The tension between people and data at Netflix

Netflix is one the largest media companies in the world, growing from a small DVD rental company to a subscription-based streaming platform and media behemoth. In 2017, Netflix reported having over 117 million subscribers in more than 190 countries. Every day, Netflix’ subscribers stream more than 140 million hours of content[1] from the company’s extensive content library, which includes both licensed and original content. Moreover, due to its digital status, Netflix has a large amount of data about its users and their behavior. This data has enabled the company to utilize machine learning to produce shows that customers want to watch. However, in the TV and filmmaking industry, many projects are based on the artistic visions of creatives and relations between the different components of the ecosystem. Therefore, Netflix’s dependency on data is creating a tension between people and data, as the company strives to dominate the global media scene.

Machine learning is when computers analyze data and learn from it using statistical probabilities[2]. Machine learning is changing the media scene, as content generators are utilizing the predictive power of computing to cluster their consumes and accurately predict their engagement with the content. Netflix has adopted machine learning early on in its journey to develop original content, as its algorithms learn from the plethora of user’s viewing behaviors that the company gathers; from how users pick a show to watch, to when do they pause, rewind, stop or binge watch[3]. Combining user behavior data with viewing preferences, Netflix proved it could engineer the perfect show, as the company was able to have an 80% success rate for original shows, almost double the success rate of traditionally produced TV shows[4].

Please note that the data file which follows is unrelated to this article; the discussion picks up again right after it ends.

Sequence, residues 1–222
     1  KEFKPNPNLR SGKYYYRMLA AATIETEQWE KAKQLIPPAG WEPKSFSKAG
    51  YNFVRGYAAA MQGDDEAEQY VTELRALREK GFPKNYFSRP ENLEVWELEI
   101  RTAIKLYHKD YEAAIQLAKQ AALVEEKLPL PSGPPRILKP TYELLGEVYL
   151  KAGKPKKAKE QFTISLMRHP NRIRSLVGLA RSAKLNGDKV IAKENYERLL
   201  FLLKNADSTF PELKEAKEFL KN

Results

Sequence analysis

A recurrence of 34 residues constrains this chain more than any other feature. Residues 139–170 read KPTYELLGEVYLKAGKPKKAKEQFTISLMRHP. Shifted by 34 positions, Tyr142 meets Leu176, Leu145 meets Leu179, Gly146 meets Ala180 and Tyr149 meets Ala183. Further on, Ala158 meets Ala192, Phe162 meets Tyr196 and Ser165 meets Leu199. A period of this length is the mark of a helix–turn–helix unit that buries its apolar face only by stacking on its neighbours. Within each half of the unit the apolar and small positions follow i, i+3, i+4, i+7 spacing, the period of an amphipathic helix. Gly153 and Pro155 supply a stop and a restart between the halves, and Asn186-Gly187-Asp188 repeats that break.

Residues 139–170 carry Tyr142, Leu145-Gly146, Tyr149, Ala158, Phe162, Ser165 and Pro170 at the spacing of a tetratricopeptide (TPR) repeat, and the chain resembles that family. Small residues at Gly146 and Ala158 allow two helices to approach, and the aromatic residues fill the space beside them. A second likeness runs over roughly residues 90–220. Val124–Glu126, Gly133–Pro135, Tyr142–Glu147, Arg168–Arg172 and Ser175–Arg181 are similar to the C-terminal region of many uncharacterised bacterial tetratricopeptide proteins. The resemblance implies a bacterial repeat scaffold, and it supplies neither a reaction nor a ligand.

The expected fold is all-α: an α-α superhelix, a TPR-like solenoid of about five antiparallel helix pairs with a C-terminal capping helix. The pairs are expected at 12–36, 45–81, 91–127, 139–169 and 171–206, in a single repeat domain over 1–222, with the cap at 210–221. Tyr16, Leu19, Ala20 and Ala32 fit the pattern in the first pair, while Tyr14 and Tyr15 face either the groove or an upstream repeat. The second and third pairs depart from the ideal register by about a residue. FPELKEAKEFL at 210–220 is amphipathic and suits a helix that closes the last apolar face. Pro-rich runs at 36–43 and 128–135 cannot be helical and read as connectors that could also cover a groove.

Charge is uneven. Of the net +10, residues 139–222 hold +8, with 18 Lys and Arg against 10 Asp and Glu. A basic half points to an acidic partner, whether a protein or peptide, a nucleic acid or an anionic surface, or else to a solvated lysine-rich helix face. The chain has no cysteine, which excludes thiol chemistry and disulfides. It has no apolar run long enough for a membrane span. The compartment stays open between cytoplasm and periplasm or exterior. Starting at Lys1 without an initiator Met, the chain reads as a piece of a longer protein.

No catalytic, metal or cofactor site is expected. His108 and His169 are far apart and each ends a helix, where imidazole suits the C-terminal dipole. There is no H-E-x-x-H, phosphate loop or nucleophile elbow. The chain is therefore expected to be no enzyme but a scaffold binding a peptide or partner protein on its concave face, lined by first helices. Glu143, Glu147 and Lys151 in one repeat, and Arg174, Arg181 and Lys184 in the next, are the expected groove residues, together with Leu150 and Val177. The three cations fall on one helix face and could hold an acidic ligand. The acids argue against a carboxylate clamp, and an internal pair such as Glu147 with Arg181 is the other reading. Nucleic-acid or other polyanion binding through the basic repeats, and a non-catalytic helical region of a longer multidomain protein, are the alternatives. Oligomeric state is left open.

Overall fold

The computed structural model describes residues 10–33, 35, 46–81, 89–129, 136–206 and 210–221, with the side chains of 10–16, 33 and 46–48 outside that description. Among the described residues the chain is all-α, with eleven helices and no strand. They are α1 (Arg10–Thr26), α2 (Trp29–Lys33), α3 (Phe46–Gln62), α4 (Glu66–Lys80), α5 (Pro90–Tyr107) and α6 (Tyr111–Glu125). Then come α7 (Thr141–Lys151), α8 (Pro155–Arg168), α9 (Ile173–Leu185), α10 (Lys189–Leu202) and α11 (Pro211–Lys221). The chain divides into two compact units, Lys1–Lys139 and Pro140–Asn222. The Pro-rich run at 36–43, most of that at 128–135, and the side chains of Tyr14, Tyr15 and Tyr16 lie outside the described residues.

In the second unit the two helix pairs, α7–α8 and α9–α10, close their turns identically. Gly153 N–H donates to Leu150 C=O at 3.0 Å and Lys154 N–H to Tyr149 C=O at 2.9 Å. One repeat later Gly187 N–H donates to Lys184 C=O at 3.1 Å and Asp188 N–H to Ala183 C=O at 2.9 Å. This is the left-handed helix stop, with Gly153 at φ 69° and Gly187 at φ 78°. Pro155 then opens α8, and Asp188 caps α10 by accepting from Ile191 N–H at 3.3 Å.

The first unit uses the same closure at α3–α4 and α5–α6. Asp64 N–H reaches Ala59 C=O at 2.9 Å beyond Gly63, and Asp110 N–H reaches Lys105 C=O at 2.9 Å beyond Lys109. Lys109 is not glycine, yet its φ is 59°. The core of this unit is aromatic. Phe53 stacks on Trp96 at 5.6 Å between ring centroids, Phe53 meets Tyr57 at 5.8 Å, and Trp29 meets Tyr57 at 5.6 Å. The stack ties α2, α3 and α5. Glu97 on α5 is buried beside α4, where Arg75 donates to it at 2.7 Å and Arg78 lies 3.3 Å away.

With the great success of  ‘House of Cards’ one of Netflix’ earliest original shows, the company expanded its dependency on machine learning to produce original content. The company’s investment in original content increased significantly, from almost 24 shows produced in 2015, to 700 shows in 2018 and an expected budget $8 billion[5]. However, the rise of original content production gradually turned Netflix into a Hollywood powerhouse, strengthening its position in an ecosystem based on relations. This presented a challenge to the company, as on one hand it rose to prominence by being data driven, while on the other hand it has become a leader in an industry based on people and relations. As a result, tension between the Los Angeles based content team and the Silicon Valley based technology team started becoming more prevalent. For example in 2017, after Netflix released the show ‘GLOW’ about woman wrestling in the 1980s, the data team concluded that the performance of the show was not meeting expectations and therefore did not merit a renewal for a second season. However, the content team argued that the relations with the creators of the show are important for Netflix’s position and future projects, and subsequently won the argument[6]. A similar argument about data, relations, and artistic independence happened within the company regarding the show ‘Lady Daynimite,’[7] and as the company expands its original content and strengthen its position as a production empire, this tension will only grow.

To address this issue in the short term, Netflix could reach out more to the different components of the ecosystem to raise awareness on the role of data in the content creation and selection process. However, in the medium term, Netflix could  start explicitly integrating quantitative benchmarks in the production contracts, becoming more transparent with creators and enabling them to know the metrics that will qualify their show or films for renewal or further investment. On the other hand, to address the tension between data and creativity in the short run, I recommend that Netflix divides its original content budget into two segments: data driven content and people driven content. The data driven content is a continuation of the content highly shaped by machines to optimally serve the needs of the customers. On the other hand, the people driven content could be a smaller part of the budget, dedicated for creative visionaries who will take risks and produce fresh content, with a higher tolerance for failure. Yet the question that still stands is: how can a data driven company successfully develop a strong position in a relations based industry? Could Netflix utilizes data and machine learning, while at the same time give creatives the freedom to produce groundbreaking shows?